The perfect brow is a bit like the comfortable stiletto. It's rumoured to exist, but you could easily spend your entire life trying to find it with little success.
Brows are probably the most important overlooked feature on the face. They frame the eye; providing structure and balance. The right brow shape can not only make they eyes seem larger, and more lifted, it can actually change the appearance of the face itself. A round brow can soften an angular face. Flat, shorter brows can help those with long faces look softer and rounder. Though it's important to work with the shape you were given, there are a few simple guidelines that can help you make the most of what you've got.
The easiest way to figure out the proportions of your brows is to grab a pencil or makeup brush and use it as a visual guide. The following picture illustrates the "ideal" brow shape. Universally flattering, it can be worn by a variety of face shapes to create a cleaner, more groomed, brighter eye. Here's how to get them, in three simple steps:
The Inner Corner- this is where your brow should begin. Using your pencil, lay it against the nostril on the same side as the eye you're measuring. The pencil should go straight up, intersect the inner corner of your eye, and go up onto your brow. The point at which the pencil lies on your brow is where your eye brow should begin. If you're coming up short, consider filling in a bit with a brow pencil. If you're coming in any closer toward the other brow, grab your tweezers and pull the errant hairs one by one until you're at your desired point.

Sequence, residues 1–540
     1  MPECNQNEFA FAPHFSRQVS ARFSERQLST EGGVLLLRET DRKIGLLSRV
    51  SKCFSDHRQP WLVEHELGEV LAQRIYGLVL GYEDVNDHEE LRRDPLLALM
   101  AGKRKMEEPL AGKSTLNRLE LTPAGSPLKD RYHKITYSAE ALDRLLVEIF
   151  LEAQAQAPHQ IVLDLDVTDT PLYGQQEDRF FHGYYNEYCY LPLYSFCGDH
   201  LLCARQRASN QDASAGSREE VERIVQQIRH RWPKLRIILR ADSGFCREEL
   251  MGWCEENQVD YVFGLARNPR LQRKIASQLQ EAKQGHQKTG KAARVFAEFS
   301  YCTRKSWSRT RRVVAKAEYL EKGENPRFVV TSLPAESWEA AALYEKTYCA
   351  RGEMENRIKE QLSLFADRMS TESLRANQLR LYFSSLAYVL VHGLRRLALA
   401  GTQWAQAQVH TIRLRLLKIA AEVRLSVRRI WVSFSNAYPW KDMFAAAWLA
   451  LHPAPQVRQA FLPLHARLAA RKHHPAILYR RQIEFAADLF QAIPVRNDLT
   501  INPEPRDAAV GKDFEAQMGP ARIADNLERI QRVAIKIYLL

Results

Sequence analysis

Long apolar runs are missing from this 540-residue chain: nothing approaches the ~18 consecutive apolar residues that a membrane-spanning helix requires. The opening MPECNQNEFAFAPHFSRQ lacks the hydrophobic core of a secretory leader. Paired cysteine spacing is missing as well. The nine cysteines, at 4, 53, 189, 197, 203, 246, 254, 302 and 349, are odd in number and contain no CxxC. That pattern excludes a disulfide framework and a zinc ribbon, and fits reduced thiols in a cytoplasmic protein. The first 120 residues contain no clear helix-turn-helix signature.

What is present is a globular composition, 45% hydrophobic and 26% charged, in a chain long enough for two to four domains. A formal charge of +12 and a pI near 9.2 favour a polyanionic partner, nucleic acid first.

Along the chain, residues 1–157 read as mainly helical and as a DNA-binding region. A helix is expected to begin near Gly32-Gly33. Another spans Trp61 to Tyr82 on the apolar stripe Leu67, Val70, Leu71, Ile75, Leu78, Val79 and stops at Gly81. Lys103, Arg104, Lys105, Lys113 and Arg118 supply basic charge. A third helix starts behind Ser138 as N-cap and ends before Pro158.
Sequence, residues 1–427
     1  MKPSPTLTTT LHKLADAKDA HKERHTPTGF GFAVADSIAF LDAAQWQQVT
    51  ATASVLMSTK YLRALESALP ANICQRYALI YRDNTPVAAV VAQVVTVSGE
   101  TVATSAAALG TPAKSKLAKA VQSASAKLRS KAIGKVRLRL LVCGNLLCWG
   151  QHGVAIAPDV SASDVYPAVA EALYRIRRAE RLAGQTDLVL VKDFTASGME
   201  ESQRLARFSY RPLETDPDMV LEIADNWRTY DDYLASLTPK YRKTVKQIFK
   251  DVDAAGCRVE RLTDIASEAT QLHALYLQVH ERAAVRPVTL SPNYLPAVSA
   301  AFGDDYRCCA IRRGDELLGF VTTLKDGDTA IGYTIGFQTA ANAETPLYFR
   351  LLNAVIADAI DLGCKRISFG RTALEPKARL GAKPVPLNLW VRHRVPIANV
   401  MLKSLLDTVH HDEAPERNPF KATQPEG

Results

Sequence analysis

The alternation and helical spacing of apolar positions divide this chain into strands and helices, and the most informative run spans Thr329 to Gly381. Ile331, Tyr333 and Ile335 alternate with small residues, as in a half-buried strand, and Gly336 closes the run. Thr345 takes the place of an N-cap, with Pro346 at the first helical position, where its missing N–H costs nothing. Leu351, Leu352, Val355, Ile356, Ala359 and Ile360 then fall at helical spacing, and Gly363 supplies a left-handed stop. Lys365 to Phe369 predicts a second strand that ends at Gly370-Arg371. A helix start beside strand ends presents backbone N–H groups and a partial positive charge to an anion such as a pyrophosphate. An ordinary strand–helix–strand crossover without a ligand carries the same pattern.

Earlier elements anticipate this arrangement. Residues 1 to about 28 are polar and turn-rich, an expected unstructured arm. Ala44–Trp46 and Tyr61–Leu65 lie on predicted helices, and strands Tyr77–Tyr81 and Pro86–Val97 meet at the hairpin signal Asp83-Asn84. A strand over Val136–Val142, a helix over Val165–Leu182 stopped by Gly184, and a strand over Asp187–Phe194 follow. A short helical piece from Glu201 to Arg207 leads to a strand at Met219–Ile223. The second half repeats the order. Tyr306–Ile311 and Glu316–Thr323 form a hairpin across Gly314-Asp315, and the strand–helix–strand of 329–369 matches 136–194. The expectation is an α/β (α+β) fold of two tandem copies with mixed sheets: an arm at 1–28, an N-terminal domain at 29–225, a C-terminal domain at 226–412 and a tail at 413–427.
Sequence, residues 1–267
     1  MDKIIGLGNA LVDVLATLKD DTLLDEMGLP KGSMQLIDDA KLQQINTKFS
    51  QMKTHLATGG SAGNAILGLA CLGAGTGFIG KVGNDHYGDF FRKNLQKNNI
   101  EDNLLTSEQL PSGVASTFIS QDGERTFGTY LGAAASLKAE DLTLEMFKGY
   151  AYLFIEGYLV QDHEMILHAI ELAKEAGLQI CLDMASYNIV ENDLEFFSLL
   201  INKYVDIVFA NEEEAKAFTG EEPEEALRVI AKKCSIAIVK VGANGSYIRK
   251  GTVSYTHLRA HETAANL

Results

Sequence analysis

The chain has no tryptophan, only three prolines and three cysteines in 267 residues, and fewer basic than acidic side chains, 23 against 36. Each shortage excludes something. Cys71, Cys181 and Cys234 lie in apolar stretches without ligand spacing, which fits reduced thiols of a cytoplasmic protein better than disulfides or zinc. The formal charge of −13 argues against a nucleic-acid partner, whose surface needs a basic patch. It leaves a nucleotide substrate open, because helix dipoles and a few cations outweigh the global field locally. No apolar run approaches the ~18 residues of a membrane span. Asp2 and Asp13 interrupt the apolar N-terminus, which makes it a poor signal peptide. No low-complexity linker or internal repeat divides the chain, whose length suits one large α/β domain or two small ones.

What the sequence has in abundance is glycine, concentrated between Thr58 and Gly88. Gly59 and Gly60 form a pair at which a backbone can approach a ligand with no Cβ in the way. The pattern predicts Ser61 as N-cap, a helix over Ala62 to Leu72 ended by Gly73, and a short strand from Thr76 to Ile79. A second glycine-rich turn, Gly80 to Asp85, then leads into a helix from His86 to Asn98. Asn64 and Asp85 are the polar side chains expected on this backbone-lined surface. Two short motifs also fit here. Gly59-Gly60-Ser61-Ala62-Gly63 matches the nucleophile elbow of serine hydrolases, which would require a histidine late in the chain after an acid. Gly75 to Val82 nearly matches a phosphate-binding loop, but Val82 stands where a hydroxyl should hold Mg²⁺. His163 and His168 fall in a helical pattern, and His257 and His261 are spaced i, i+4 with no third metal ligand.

The High Point of the arch. Keeping your pencil against your nostril as before, angle it so that the pencil goes across your eye to the outside of your pupil, and over on to the brow. The part where the pencil intersects your brow should be the highest point of your brow. The area between the inner corner (Step 1) and the highpoint of the arch (Step 2) should all be pretty much the same thickness, it is at the high point that the brow should begin to slope down and slightly taper off.
The Outer Corner- again, start with the pencil along your nostril. Angle it toward your temple so that the pencil lines up with the outer corner of your eye and reaches outward. The point where the pencil touches your brow is where it should end. As you can see, the model in the picture falls a bit short, as do I. I like to use an angled brush and a brow powder to extend the line of my brow a bit.
So, there you have it. In parting, there is one thing I feel like I need to mention. I poured through several hundred stock images searching for a model with perfect brows to use for the diagram above, and what I found was that NO ONE, including the model I used, has perfect brows. Technically, this model's brows are too close together, and not long enough. Does that mean they're not beautiful, or that she looks hopelessly out-of-proportion? Of course not. Remember- guidelines are just that, follow them as closely as your shape allows, and take the tweezing slow!